Friday, December 30, 2005

Humility is a picky squirrel

Well, it looks like I was wrong. Almost a week on, a carrot hangs untouched on our squirrel feeder, days after the corn has been picked clean. I thought I had it figured out: squirrels are rodents, so they must like carrots. Find me a rodent that doesn't like a carrot. Rats, rabbits, hamsters, raccoons (OK, not rodents, as it turns out, but kind of similar) - they can't get enough of the orangey, rooty goodness. But not squirrels.

And to think that I disparaged Hermanito Scott. He critiqued my squirrels-eat-carrots theory by noting the large number of cartoons that do not show squirrels eating carrots. Actually, I remain convinced that I was right to mock him, as using cartoons as a nature guide is ridiculous. All the same, the cartoons were right this time. (I should send a note to Acme Co., telling them not to drop their coyote-centric product line.)

Wednesday, December 21, 2005

A babe lying in a manger

Our youth minister at Glen Mar, DC, had a great message for the kids this past Sunday. Well, it was meant for the kids, but I was moved by it, too, so with full credit to him for the theme, I summarize and share it with you. He led a discussion to make his point, while I'm trying to write the condensed version, but I hope that at least some of the message comes through.

In Luke's gospel (the Christmas story Linus recites), an angel tells the shepherds that "a babe lying in a manger" will be the sign for them of Christ's arrival. Why a baby? Why a manger? Yes, we know, there was no room at the inn, but surely God could have picked a time when there were vacancies, never mind a more dignified mode of arrival. But He did not, and not by chance. The great God of the universe did not come to mankind as a king, arriving with trumpets and heralds in a grand procession of power and glory because that's not why He was coming. He was coming to meet mankind in their darkness, in their dirt, when they were weak and lost. And so that's how He arrived: a weak, helpless baby, in a dark, smelly barn. (My apologies to any readers who are proud to have kept clean stables. You have to expect that barn out back of the Bethlehem Dewdrop Inn was probably not the finest in the land. And I don't care how clean your barn is, it's likely not where you would receive the king of all the world, if he came to visit.) We don't have to be dressed in our finest out on the high street to find God. When we are weak and we can't see, and our whole world seems like a dark, smelly place, Christ will meet us there. That is where He started His work on this earth.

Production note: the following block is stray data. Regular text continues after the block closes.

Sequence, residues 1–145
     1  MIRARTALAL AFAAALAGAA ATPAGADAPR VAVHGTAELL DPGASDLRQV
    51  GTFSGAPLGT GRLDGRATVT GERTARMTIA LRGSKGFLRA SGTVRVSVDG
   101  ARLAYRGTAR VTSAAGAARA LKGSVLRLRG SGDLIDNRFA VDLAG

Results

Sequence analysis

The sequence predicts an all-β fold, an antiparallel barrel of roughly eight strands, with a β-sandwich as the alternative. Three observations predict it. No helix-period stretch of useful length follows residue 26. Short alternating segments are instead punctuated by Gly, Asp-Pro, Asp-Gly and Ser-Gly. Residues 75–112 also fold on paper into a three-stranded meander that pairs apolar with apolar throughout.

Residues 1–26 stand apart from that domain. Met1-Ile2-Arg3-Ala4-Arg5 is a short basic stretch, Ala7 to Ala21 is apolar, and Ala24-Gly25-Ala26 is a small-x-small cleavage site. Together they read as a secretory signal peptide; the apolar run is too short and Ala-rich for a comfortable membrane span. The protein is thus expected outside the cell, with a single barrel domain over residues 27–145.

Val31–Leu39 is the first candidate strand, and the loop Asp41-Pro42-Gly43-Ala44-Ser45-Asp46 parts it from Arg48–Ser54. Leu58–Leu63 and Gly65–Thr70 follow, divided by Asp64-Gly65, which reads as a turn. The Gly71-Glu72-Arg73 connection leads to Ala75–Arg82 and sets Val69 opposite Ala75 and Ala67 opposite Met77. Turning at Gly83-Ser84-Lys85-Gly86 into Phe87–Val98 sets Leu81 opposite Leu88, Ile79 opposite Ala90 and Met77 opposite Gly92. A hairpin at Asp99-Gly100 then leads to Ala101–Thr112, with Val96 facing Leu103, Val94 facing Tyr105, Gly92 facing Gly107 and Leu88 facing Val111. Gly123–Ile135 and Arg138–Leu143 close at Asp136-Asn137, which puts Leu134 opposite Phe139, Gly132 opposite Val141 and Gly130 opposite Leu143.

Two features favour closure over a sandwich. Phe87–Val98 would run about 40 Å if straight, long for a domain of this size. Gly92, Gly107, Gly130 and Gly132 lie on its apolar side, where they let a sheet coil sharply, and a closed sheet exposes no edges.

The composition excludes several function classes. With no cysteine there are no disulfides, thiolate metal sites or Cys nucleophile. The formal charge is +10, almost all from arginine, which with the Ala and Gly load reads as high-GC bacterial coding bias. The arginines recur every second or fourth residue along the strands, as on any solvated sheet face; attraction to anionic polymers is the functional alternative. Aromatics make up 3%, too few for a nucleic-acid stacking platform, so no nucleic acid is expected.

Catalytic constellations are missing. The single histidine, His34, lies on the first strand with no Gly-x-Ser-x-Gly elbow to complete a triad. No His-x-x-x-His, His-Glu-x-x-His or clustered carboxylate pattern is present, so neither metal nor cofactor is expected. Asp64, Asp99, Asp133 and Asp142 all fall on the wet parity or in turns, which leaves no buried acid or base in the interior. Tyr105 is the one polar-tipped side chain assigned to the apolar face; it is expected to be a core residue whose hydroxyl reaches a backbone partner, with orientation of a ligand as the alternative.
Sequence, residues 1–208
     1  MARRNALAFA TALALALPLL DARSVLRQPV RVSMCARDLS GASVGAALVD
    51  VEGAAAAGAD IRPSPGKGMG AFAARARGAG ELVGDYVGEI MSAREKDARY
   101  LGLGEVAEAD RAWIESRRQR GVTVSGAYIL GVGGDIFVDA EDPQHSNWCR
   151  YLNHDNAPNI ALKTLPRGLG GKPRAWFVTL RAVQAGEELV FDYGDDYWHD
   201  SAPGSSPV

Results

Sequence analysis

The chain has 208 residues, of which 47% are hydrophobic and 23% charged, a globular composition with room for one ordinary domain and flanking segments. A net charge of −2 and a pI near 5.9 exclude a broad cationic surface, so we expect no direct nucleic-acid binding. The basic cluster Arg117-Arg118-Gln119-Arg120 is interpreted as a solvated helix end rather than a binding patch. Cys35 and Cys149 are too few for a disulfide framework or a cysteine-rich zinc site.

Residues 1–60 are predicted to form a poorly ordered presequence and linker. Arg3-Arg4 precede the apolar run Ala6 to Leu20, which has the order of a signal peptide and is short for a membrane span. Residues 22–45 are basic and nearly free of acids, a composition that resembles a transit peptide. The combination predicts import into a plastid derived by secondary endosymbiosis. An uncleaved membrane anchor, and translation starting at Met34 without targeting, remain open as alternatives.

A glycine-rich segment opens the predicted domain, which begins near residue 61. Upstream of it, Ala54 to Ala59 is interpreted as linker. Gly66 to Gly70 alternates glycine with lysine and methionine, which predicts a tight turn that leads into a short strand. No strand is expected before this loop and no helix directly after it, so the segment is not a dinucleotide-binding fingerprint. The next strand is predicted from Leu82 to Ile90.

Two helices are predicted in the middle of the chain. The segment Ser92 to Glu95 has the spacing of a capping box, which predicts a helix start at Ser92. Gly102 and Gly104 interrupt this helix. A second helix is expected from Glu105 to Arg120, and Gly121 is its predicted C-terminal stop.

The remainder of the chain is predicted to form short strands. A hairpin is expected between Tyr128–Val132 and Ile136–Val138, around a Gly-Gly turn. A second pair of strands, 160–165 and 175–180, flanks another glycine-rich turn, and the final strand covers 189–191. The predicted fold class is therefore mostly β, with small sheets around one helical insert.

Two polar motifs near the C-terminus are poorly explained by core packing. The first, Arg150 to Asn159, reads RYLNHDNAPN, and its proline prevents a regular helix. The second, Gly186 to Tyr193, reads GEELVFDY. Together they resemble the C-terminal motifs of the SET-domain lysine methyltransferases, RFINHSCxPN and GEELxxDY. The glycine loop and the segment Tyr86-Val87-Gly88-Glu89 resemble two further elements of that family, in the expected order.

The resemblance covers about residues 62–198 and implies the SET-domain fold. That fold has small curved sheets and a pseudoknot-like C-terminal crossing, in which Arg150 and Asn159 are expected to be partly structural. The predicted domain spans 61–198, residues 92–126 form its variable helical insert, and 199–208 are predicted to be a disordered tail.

Sunday, December 18, 2005

Garrison Keillor is fascinating

Garrison Keillor's Prairie Home Companion is not entertaining or amusing to me, but it is fascinating because it almost is. I never seek it out, but when I happen across it on the car radio, I always listen. Some shows, on TV or radio, are immediately and obviously not enojyable, so I quickly move on. But with Garrison I always get the feeling I'm on the cusp of enjoying it. It's like a barely foreign language: if I would just listen a little bit longer or cock my head just so, I would get it, and hours of NPR entertainment each week (and 30 jillion hours of archived delights) would be mine. But it never happens (or hasn't yet), and so I arrive at my destination confused and unsettled, a wheezy, twisting voice of middle America haunting my steps.

Thursday, December 08, 2005


USA Today had a good article for the 40th anniversary of "A Charlie Brown Christmas". I had not realized that, at its 1965 debut, the show was considered risky and even flawed for many of the reasons that it was and remains exceptional. The jazz soundtrack, the extended reading from the Bible, the absence of a laugh track - it's easy to point to these kinds of differences today and say, "Boy, things were different back then." Well yes, they were different, but not on those counts. Perhaps anything truly excellent will always seem anachronistic.

Cool but wack

Rice scientists (spend eight years to) build world’s first nanocar